The members of the largest and most influential parliament group – the European People’s Party (EPP) Political Assembly – have adopted their vision of the post-Brexit Multiannual Financial Framework (MFF).
An EPP Expert Group working on the MFF submitted their contributions to the structure of the future EU budget, after thorough consultations with EPP representatives in all EU institutions, the European Parliament, the European Commission, the European Council, and the national parties that are members of the EPP.
Brexit will, however, clearly lead to a decrease in the EU budget, leading all institutions to rethink their priorities, even though the core values of the EPP remain.
“Boosting competitiveness in a sustainable way, protecting the vulnerable, strengthening EU security and defence and stabilise our immediate neighbourhood. Brexit will impact the shape of the EU’s budget, but it will not change its course nor priorities,” said the EPP president Joseph Daul on the sidelines of the conservative party’s Political Assembly.
On the challenges of adapting of the EU budget to new realities, Daul underlined that this will not mean that the EPP will abandon ongoing policies such as the Common Agricultural Policy and the Cohesion Fund while having to procure new funding.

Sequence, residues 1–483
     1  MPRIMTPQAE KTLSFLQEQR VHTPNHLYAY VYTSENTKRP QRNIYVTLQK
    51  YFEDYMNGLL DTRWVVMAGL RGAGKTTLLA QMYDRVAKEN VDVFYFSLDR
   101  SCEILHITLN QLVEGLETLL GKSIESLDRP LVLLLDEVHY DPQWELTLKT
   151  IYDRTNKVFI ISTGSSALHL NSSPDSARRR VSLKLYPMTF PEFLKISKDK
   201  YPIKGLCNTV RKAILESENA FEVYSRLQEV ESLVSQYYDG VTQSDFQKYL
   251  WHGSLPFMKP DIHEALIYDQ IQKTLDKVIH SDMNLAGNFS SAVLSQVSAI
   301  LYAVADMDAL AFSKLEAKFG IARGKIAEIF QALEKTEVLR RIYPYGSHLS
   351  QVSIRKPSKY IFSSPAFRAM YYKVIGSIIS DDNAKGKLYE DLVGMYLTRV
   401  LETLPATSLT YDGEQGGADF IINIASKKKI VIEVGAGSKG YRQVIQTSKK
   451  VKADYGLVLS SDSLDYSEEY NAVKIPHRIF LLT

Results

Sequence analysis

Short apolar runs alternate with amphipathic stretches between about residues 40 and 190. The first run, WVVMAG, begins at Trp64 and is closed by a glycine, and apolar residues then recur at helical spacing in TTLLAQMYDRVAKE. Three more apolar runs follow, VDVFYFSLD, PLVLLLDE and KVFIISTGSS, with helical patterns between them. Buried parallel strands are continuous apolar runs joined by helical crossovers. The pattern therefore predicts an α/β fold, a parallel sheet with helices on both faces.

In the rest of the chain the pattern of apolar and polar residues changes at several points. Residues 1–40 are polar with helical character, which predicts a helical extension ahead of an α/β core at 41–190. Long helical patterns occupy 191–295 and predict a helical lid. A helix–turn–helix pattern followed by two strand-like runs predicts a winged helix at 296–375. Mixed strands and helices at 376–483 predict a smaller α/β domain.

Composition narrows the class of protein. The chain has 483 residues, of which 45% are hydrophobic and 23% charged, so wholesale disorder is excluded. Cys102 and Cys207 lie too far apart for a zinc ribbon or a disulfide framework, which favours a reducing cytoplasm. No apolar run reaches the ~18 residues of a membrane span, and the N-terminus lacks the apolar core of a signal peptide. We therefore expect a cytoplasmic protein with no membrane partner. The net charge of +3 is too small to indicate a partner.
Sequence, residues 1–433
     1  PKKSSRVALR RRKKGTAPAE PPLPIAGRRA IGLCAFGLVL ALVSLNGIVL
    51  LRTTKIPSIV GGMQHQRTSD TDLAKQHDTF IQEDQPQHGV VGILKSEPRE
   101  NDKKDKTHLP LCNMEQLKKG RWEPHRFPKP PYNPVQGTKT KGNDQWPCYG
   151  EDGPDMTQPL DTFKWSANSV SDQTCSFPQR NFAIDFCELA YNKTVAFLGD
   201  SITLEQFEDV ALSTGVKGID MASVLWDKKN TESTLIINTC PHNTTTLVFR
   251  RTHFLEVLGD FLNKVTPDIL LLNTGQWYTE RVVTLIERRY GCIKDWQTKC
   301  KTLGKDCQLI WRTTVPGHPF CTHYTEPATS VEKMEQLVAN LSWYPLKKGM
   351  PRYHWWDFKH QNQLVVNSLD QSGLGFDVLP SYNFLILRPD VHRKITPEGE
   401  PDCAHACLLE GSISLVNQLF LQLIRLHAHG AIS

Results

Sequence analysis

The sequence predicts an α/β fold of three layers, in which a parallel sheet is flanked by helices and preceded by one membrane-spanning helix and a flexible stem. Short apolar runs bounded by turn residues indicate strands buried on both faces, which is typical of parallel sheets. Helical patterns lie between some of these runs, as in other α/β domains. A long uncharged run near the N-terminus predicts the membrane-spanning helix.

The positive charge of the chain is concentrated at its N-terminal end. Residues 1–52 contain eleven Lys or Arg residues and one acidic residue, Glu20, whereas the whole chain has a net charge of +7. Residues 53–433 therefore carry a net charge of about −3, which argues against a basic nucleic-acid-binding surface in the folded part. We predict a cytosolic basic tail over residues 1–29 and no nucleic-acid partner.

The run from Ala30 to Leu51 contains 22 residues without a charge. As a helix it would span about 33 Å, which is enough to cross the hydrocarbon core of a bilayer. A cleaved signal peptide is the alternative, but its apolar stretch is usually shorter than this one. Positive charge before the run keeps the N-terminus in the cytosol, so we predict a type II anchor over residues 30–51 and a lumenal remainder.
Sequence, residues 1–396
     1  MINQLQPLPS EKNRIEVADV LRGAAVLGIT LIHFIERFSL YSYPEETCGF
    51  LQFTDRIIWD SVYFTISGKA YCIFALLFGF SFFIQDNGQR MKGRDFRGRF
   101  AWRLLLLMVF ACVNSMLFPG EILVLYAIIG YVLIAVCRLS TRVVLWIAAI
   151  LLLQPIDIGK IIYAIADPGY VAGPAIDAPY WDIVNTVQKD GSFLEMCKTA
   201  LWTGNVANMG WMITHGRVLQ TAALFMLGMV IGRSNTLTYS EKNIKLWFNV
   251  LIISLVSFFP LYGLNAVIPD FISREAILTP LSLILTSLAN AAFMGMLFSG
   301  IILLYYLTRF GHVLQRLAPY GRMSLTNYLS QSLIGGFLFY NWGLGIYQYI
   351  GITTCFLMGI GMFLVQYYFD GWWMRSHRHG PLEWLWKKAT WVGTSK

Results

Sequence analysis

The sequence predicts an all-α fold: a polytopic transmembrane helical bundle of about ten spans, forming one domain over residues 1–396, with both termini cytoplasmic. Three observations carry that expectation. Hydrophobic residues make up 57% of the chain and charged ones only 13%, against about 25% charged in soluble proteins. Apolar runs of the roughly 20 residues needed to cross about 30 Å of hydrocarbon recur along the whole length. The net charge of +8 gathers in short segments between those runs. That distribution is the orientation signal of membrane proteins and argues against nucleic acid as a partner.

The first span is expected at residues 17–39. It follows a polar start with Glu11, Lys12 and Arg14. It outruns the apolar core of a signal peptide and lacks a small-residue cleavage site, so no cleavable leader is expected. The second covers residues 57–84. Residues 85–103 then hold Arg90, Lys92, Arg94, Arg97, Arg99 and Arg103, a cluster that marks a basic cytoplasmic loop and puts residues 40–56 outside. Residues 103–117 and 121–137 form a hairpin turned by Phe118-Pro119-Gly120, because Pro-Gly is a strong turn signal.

“Responsibility, efficiency, and flexibility must be the MFF guiding principles. The EPP will make each euro work towards a prosperous and secure Europe,” said Daul.
As EU institutions begin planning for the post-2020 budget, the EPP makes clear that the plan is to close the EU’s budget negotiations in the current legislature, before the 2019 European elections, while asking the European Commission not to delay its proposal.
The EPP asks for a political debate on the priorities of the next MFF, as this is the only way the to discuss the allocation of funds. The party’s plan further calls for a comprehensive approach that is able to ensure enough resources for any potential challenges in all sectors and to ensure economic strength, solidarity, security, and defence, as well as a strong and global Europe with sustainability.
The EPP calls for maximum flexibility within instruments together with the necessary predictability and efficiency, suggesting that a 7-year MFF time span would benefit citizens and businesses.
The size of the funds agreed upon for the MFF should be fully used for its duration and mobilised within the annual budget procedures. On a member state level, the idea of linking the EU budget more strongly to the country-specific recommendations outlined under the economic governance principles should be considered as part of the objective supporting growth-enhancing structural reforms with the EU member states.
The EPP proposes that its implementation is carried out through positive incentives that include financial rewards when structural reforms are fully implemented; in the same manner as ESM bailout programme disbursements.
The European Parliament should, the EPP recommends, immediately begin re-evaluating the legal bases of European policy areas to simplify EU policies, merely update them or, if necessary, maintain their current legal bases.